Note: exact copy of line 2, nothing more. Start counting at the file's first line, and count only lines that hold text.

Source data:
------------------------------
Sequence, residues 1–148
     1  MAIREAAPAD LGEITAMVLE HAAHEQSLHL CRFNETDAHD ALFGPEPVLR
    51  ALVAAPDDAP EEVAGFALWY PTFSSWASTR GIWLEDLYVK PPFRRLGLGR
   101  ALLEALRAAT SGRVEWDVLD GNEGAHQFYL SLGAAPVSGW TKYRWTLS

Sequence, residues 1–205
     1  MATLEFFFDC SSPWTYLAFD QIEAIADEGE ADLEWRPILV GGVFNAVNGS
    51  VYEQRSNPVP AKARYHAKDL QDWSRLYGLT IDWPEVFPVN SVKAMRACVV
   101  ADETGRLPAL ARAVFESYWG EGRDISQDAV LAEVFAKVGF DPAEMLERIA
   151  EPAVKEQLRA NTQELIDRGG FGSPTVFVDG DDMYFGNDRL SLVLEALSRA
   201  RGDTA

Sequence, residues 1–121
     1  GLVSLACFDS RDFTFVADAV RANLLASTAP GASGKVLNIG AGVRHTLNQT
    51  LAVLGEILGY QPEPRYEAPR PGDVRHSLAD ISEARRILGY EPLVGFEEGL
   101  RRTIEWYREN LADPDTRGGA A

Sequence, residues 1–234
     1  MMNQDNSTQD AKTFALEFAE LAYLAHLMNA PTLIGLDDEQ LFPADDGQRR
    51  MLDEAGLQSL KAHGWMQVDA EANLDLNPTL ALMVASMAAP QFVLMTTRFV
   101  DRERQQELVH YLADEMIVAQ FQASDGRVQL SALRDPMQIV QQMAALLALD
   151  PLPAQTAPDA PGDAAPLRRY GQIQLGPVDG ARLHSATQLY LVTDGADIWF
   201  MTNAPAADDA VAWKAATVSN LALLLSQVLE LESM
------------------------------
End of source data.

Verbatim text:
     1  MAIREAAPAD LGEITAMVLE HAAHEQSLHL CRFNETDAHD ALFGPEPVLR